Considering the large volume of sequence data that many computational biology applications must deal with, proper organization of the data to facilitate fast access is important to achieve desirable run-times. From this perspective, string data structures serve the same purpose for biological sequence data as binary search trees serve for ordered numeric data, and quadtrees serve for spatial data.
String data structures are ideal for uncovering exact matching patterns in sequences. They are also useful when performing approximate matches where only a small number of differences are permitted.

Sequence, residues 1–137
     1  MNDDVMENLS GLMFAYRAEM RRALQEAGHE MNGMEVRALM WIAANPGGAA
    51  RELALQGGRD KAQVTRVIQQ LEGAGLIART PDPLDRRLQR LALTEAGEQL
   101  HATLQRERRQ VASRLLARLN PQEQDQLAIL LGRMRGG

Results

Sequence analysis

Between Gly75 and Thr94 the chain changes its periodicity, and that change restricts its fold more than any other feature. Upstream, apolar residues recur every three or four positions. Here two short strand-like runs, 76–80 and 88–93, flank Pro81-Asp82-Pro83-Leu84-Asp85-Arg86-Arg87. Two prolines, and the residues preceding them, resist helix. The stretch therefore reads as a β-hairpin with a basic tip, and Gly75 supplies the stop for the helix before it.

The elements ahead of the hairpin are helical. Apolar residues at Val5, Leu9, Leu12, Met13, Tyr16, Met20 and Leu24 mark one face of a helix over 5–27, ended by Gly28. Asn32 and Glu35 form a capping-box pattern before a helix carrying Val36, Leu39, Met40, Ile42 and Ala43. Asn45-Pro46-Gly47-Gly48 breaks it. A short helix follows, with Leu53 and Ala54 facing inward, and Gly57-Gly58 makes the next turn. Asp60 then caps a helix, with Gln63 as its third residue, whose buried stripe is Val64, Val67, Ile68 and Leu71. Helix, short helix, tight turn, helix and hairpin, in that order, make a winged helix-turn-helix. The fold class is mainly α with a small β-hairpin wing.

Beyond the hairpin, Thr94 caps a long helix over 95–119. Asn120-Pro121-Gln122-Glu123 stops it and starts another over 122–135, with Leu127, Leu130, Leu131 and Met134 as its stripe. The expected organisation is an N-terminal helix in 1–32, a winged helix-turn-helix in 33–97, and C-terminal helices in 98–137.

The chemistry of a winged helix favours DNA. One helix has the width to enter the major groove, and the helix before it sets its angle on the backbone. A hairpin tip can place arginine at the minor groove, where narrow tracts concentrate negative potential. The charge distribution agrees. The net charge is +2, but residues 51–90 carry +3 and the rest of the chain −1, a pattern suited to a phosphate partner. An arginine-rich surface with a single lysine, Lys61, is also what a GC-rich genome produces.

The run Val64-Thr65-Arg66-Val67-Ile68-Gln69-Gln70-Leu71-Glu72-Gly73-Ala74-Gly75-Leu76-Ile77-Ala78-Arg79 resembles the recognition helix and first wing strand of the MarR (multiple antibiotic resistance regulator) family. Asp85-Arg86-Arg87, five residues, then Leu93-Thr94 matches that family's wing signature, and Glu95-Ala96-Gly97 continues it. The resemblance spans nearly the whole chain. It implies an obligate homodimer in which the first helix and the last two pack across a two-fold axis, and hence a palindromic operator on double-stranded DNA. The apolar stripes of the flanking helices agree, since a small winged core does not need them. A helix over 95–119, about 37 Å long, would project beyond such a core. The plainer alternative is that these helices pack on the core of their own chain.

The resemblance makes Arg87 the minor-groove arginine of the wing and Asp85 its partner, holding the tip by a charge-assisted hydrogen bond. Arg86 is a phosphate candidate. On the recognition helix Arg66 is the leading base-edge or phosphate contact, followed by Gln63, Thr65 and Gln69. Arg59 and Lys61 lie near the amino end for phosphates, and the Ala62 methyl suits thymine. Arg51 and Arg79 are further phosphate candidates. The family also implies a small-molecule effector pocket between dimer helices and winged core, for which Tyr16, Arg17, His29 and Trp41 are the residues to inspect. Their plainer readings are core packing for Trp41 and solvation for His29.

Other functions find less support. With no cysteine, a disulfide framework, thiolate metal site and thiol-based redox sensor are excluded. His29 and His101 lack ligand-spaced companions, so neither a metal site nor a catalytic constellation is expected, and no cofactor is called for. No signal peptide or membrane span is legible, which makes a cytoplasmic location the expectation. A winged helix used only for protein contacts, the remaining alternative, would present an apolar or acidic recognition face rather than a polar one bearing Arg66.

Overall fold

We will try to provide a detailed introduction to the three most frequently used string data structures in computational molecular biology — lookup tables, suffix trees and suffix arrays. The focus will be on algorithms for constructing these data structures. We will also explore the relationships between these data structures and provide several illustrations of biological applications where suffix trees play a central role.